Our heads are natural magnetic compasses, according to a recent series of experiments in England, that can tell us the rough direction of home even if we have been carted 40 miles away, on roundabout routes, blindfolded.
Dr. R. Robin Baker, reporting in Science magazine this week, said it has been known for years that many animals -- including snails, bees, fish, bats, rats and birds -- can get home when released far away. The mechanism operating in most of the animals is believed to be an ability to read the earth's magnetic field, and to sense from that reading the direction of home.
But no one thought to test humans for the same ability, Baker said, so he did it.
He recruited 137 students at Manchester University in England, and took them on a circuitous trips to different locations varying from 5 to 40 miles from home point at school. The students were blindfolded and were driven, with no talking allowed on the trip, to their destinations.
The routes contained varying degrees of trickiness. Some backtracked, some took long, slightly curving roads, some took detours through the maze of streets in suburban housing tracts.
When the students arrived at their secret destinations, they were taken from the van one at a time and asked, while still blindfolded, to name or write down the compass direction toward home.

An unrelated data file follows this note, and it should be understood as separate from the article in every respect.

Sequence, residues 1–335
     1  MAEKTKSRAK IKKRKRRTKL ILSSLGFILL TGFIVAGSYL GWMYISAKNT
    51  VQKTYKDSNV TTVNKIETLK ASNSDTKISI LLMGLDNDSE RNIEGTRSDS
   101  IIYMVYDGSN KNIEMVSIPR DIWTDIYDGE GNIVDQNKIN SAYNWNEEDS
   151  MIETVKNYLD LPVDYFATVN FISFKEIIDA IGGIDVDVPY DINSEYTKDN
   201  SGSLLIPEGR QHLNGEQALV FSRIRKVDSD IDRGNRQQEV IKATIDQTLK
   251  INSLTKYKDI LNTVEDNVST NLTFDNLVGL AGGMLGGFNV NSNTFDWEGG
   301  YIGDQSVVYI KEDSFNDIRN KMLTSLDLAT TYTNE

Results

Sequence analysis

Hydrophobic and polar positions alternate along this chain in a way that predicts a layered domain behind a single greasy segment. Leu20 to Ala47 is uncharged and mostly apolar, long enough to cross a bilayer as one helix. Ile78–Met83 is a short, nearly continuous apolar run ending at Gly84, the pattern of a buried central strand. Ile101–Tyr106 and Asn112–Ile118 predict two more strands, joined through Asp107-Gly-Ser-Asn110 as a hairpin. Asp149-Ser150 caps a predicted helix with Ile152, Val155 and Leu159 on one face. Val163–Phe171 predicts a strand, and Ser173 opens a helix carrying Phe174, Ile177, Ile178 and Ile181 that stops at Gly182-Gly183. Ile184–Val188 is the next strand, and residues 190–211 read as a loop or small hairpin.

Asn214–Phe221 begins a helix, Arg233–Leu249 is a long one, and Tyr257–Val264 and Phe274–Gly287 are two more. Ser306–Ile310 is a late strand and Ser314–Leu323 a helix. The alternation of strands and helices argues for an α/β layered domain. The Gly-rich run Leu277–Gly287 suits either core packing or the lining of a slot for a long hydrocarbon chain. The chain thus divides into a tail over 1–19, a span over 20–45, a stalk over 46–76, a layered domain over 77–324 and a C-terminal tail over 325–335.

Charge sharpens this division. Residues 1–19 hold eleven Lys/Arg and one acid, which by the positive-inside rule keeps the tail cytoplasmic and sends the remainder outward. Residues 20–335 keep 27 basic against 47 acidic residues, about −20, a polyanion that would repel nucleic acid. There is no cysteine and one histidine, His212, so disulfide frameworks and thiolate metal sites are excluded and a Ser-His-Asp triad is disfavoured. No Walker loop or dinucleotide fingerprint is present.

To check the results of the experiment further, Baker tied six-inch bar magnets to the heads of some of his subjects. He reasoned that the magnets should cancel or distort the wearers' ability to sense the earth's magnetic field. So he expected this group to be less able to point toward home.
The students' estimates of direction came out this way (some went on more than one outing).
Out of 127 estimates by students not wearing magnets, 85 were correct to within about 45 degrees, or a one-eighth segment of the compass circle. Of those 85, 40 were within about 20 degrees and 26 made it to within about 10 degrees of the right direction.
If the estimates had been a matter of sheer chance, there should have been just as many pointing in exactly the wrong direction as the right direction. Actually, only half a dozen students named exactly the opposite direction from home.
The students with magnets on their heads did significantly worse. In four groups, two with magnets and two without, the students with magnets got the direction wrong by an average of 50 degrees more in one case, and by 25 degrees more in the other.